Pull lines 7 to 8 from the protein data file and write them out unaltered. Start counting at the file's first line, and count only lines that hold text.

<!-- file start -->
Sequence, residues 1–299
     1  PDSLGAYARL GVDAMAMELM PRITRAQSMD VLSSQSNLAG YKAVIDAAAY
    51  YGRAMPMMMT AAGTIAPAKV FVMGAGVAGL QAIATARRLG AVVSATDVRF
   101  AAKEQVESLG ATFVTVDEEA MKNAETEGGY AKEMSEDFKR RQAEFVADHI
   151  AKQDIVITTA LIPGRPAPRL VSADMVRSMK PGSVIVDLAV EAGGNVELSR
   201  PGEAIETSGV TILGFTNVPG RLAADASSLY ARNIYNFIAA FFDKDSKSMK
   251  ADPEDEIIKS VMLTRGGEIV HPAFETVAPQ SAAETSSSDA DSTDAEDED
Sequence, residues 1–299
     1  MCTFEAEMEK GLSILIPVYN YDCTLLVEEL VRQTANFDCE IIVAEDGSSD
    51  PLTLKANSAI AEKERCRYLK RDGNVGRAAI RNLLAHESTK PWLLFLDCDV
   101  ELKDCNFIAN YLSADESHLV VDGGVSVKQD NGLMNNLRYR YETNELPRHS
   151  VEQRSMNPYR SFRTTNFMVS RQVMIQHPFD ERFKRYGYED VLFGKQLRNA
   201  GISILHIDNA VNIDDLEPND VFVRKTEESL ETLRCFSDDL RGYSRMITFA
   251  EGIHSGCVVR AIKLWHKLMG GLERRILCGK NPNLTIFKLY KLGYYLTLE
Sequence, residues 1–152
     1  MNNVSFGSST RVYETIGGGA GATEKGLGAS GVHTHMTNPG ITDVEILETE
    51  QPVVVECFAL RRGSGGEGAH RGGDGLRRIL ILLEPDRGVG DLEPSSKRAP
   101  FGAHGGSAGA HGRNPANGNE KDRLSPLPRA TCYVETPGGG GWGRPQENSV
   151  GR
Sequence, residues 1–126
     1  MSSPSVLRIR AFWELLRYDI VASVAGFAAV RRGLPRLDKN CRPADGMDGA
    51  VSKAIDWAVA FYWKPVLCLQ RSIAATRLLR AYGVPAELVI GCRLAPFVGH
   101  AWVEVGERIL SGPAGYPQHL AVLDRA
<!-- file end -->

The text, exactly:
   251  ADPEDEIIKS VMLTRGGEIV HPAFETVAPQ SAAETSSSDA DSTDAEDED
Sequence, residues 1–299